A fashion week is a fashion industry event, lasting approximately one week, wherein fashion designers, brands or "houses" display their latest collections in runway shows to buyers and the media. These events influence trends for the current and upcoming seasons.
The most prominent fashion weeks are held in the fashion capitals of the world, the "Big Four" receiving the majority of press coverage being New York, London, Milan, and Paris. While the fashion scene turns more multipolar in the 21st century, other centers like Berlin, Los Angeles, Madrid, Rome, São Paulo, Shanghai and Tokyo host important fashion weeks.
There are many fashion weeks worldwide. In 1943, the first New York Fashion Week was held, with one main purpose: to distract attention from French fashion during World War II, when workers in the fashion industry were unable to travel to Paris. This was an opportune moment, as "before World War II, American designers were thought to be reliant on French couture for inspiration."
The fashion publicist Eleanor Lambert organized an event she called "Press Week" to showcase American designers for fashion journalists, who had previously ignored their works. Press Week was a success, and, as a result, magazines like Vogue (which were normally filled with French designs) began to feature more and more American innovations. Until 1994, shows were held in different locations, such as hotels, or lofts. Eventually, after a structural accident at a Michael Kors show, the event moved to Bryant Park, behind the New York Public Library, where it remained until 2010, when the shows relocated to Lincoln Center.
However, long before Lambert, there were fashion shows throughout America. In 1903, a New York City shop called Ehrich Brothers put on what is thought to have been the country’s first fashion show to lure middle-class females into the store. By 1910, many big department stores were holding shows of their own. It is likely that American retailers saw what were called 'fashion parades' in couture salons, and decided to use the idea. These "parades" were an effective way to promote stores, and improved their status. By the 1920s, the fashion show had been used by retailers up and down the country. They were staged, and often held in the shop’s restaurant during lunch or teatime. These shows were usually more theatrical than those of today, heavily based upon a single theme, and accompanied with a narrative commentary. The shows were hugely popular, enticing crowds in their thousands – crowds so large, that stores in New York in the fifties had to obtain a license to have live models.
Paris began holding couture shows in 1945, Milan Fashion Week was founded by the Italian Chamber of Commerce in 1958, Paris Fashion Week was further organized in 1973 under the French Fashion Federation, and London Fashion Week was founded by the British Fashion Council in 1984.
Although these key organizations still organize most shows, there are independents and multiple producers in all cities, as well.
Fashion week happens twice a year in the major fashion capitals of the world: New York, London, Milan, and Paris (in that order). Fashion weeks are held several months in advance of the season to allow the press and buyers a chance to preview fashion designs for the following season. In February and March, designers showcase their autumn and winter collections. Fashion week for spring and summer is held in September and October. This is also to allow time for retailers to arrange to purchase or incorporate the designers into their retail marketing. The latest innovations in dress designs are showcased by renowned fashion designers during these fashion weeks, and all these latest collections are covered in magazines such as Vogue.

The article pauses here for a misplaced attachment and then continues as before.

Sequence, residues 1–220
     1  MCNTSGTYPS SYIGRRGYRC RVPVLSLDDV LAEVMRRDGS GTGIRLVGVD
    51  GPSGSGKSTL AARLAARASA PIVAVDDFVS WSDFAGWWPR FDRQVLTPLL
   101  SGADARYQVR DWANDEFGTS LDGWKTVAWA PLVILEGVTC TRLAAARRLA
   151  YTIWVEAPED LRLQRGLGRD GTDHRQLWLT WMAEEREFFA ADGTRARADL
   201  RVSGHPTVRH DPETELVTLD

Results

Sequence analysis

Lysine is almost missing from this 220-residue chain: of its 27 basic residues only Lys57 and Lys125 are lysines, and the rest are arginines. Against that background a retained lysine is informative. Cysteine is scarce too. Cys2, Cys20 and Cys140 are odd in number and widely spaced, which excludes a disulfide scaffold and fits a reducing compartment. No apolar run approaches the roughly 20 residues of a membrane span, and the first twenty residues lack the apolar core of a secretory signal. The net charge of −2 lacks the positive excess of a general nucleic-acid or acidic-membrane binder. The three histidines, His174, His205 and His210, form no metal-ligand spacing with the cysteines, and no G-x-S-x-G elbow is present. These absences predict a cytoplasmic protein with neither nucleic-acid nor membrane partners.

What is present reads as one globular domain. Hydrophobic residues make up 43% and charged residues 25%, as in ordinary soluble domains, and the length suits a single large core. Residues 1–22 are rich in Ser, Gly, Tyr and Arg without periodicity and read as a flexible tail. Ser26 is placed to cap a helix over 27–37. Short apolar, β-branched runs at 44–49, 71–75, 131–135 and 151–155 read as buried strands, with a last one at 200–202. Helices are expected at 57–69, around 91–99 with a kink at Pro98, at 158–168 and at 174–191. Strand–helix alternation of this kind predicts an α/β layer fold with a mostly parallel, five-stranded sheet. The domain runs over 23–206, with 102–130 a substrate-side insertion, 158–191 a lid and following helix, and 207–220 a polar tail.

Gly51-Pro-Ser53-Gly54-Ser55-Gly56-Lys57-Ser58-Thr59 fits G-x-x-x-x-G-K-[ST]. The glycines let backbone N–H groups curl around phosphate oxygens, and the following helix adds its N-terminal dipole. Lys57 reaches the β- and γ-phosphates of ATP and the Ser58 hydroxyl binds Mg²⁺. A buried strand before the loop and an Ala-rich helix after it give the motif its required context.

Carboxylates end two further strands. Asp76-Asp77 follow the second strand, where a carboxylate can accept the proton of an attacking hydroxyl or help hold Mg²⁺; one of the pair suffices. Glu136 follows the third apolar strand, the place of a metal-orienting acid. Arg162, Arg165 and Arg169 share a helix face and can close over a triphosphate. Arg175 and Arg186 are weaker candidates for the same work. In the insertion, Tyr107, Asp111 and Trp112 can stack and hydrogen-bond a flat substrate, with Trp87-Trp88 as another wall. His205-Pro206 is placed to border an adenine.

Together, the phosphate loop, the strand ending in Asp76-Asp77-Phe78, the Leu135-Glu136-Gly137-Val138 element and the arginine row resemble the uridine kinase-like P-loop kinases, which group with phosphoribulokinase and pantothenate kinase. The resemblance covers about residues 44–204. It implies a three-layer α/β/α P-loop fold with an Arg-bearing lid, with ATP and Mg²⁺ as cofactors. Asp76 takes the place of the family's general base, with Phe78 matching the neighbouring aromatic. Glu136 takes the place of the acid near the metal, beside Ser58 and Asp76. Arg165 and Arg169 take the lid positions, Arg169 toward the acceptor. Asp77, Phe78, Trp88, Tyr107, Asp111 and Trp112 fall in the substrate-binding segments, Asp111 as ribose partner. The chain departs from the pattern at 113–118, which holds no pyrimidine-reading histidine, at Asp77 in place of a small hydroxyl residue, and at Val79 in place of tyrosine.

"Big Four" fashion weeks
There are primarily two kinds of shows: womenswear and menswear. There are also shows particular to each location. For example, there are "haute couture" shows in Paris, and in New York, there are "resort / cruise" and "bridal" shows.
Womenswear shows are held in February and September/October, in the following order: New York, London, Milan and Paris.
Menswear fashion weeks are held in January and June/July, in the following order: London, Milan, Paris, New York.
More and more designers have shown inter-seasonal collections between the traditional Autumn/Winter and Spring/Summer seasons. These collections are usually more commercial than the main season collections and help shorten the customer's wait for new season clothes. The inter-seasonal collections are Resort/Cruise (before Spring/Summer) and Pre-Fall (before Autumn/Winter). There is no fixed schedule for these shows in any of the major fashion capitals but they typically happen three months after the main season shows. Some designers show their inter-seasonal collections outside their home city. For example, Karl Lagerfeld has shown his Resort and Pre-Fall collections for Chanel in cities such as Moscow, Los Angeles, and Monte Carlo instead of Paris. Many designers also put on presentations as opposed to traditional shows during Resort and Pre-Fall either to cut down costs or because they feel the clothes can be better understood in this medium.
Some fashion weeks can be genre-specific, such as Miami Fashion Week (swimwear), Rio Summer (swimwear), the haute couture shows in Paris (one-of-a-kind designer originals), Indonesia Islamic Fashion Week (Moslem Fashion), Festive Wear at Bangalore Fashion Week and Bridal Fashion Week, while Portland (Oregon, USA) Fashion Week shows some eco-friendly designers. Bread and Butter Berlin hosts the leading fashion show for everyday fashion.
The advent of "see now, buy now" shopping is expected to further transform fashion week, as collections become "in season" and select items are offered from the runway in real time.
- The big four fashion capitals of the world
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